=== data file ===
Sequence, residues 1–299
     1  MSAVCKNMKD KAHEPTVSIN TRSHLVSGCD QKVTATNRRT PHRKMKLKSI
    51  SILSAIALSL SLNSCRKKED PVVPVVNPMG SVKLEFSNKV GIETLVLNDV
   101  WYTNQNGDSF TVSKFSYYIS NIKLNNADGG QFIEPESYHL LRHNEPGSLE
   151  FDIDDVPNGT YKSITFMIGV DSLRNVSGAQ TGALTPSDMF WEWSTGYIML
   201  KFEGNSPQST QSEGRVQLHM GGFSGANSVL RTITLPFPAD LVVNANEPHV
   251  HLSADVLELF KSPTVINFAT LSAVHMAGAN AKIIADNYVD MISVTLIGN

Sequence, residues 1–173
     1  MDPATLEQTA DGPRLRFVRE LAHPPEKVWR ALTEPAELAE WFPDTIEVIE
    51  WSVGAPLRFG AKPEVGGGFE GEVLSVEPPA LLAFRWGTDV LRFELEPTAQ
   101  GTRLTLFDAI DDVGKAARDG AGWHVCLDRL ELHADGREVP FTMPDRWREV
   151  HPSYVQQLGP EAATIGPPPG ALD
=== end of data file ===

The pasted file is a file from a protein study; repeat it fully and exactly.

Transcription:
Sequence, residues 1–299
     1  MSAVCKNMKD KAHEPTVSIN TRSHLVSGCD QKVTATNRRT PHRKMKLKSI
    51  SILSAIALSL SLNSCRKKED PVVPVVNPMG SVKLEFSNKV GIETLVLNDV
   101  WYTNQNGDSF TVSKFSYYIS NIKLNNADGG QFIEPESYHL LRHNEPGSLE
   151  FDIDDVPNGT YKSITFMIGV DSLRNVSGAQ TGALTPSDMF WEWSTGYIML
   201  KFEGNSPQST QSEGRVQLHM GGFSGANSVL RTITLPFPAD LVVNANEPHV
   251  HLSADVLELF KSPTVINFAT LSAVHMAGAN AKIIADNYVD MISVTLIGN

Sequence, residues 1–173
     1  MDPATLEQTA DGPRLRFVRE LAHPPEKVWR ALTEPAELAE WFPDTIEVIE
    51  WSVGAPLRFG AKPEVGGGFE GEVLSVEPPA LLAFRWGTDV LRFELEPTAQ
   101  GTRLTLFDAI DDVGKAARDG AGWHVCLDRL ELHADGREVP FTMPDRWREV
   151  HPSYVQQLGP EAATIGPPPG ALD